Unfortunately there's basically no buyout value to the international business (Nokia is even stronger for that, although they lack a good keyboard); Android (and to some extent Windows Phone and iPhone) will eventually win there.
The Enterprise market, particularly the BES and management side, had value to buyout, even just as a best-in-class MDM solution to manage Android, iPhone, etc., but they waited too long to open up their management, and from what I've seen, Airwatch, Zenprise, Good, etc. are all better choices for crossplatform MDM.
"Developed countries" and "Developing countries" seem better terms to describe the infrastructural distinctions.
It's probably more pejorative than "third world", but "rich" and "poor" are probably clearer descriptions for a discussion of cellphone usage patterns than most of these euphemisms. That'd upset people even more, of course :)
That's not to say that all countries with low growth have mature economies of course, just that "developed" countries are at the economic forefront, and that "developing" countries need to make an effort to catch up or be forever "developing".
In terms that most people could understand "rich" and "poor" may be more accurate, but in terms of cell phone usage there are quite a few African countries that have widespread mobile phone networks, but few wired telephones.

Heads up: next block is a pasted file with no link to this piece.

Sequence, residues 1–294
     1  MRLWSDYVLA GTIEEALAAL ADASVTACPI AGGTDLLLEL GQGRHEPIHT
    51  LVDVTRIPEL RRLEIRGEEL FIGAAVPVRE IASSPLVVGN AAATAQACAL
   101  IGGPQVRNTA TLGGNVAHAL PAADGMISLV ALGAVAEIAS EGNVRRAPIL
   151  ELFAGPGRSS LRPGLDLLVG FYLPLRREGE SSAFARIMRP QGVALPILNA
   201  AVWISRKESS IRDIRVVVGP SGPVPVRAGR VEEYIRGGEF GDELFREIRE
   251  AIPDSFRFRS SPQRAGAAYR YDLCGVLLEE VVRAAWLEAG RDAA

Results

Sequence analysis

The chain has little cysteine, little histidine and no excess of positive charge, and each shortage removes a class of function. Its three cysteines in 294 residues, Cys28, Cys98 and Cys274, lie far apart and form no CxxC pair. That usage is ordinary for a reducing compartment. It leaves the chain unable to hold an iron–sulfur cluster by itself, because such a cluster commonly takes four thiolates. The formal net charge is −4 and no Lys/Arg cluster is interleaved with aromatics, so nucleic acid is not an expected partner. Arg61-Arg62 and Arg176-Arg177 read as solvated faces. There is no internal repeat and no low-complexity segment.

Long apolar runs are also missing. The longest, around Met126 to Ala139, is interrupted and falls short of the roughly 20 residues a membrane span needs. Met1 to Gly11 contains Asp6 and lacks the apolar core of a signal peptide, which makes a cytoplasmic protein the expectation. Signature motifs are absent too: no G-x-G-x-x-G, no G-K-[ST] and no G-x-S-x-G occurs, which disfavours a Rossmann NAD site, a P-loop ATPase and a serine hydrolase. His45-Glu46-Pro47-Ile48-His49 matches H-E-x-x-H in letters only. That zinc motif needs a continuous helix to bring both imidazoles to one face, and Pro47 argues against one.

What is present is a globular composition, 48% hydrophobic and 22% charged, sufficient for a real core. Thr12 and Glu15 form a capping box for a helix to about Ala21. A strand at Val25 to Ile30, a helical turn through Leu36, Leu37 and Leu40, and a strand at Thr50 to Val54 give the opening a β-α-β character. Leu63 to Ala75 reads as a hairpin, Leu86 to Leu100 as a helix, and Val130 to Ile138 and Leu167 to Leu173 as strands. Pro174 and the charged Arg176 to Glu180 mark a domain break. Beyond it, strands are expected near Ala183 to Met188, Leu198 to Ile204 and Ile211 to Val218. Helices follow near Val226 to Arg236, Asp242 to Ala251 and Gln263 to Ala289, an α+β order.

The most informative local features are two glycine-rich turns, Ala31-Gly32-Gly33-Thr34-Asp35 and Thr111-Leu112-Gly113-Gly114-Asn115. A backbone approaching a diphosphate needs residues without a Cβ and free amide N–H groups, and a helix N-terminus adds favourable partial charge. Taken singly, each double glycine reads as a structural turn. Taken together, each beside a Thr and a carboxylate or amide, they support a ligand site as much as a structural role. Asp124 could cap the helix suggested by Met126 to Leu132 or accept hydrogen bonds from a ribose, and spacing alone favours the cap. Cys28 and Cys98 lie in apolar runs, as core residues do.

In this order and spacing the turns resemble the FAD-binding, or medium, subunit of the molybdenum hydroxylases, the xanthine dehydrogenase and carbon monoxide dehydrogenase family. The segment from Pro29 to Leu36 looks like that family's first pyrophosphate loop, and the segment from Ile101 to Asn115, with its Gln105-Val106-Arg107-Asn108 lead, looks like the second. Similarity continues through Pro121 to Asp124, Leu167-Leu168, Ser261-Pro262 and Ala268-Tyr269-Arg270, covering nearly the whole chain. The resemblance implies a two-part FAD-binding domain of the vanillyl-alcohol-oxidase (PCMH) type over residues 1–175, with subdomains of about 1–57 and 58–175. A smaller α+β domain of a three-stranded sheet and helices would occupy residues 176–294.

You could perhaps come to think that the above sort of labels are very generic, but I do think that for a start that talk of a third world/first world split is not useful when the second world - communist russia and its ilk - doesn't exist anymore.
I smiled when I read the following in joeyh's usesthis:
"If it doesn't have a keyboard, I feel that my thoughts are being forced out through a straw."
We don't buy high end featurephones in the first world in 2012 -- we have carrier subsidies on smartphones (with or without keyboard, but generally web browsing > texting, so I think for the kid/teen market in the US, keyboard phones aren't as popular as in Asia).
I think the US market is basically rich people or carrier subsidies on smartphones, or cheap phones (i.e. not featurephones, or maybe the very lowest tier with a camera but nothing else). Or of course people who have an old phone (probably an S60 featurephone) who just never upgrade, but they're irrelevant from a sales perspective, and will probably get pushed to a low-end Android phone on contract renewal, breakage, loss, etc.
I don't understand if there is a valuable reason for that or if it's just change for the sake of change. My 3 years old Blackberry fulfills all my needs. And it was made in Canada, not in a Foxconn-like plant.
> And it was made in Canada, not in a Foxconn-like plant.
They're not made in Canada anymore.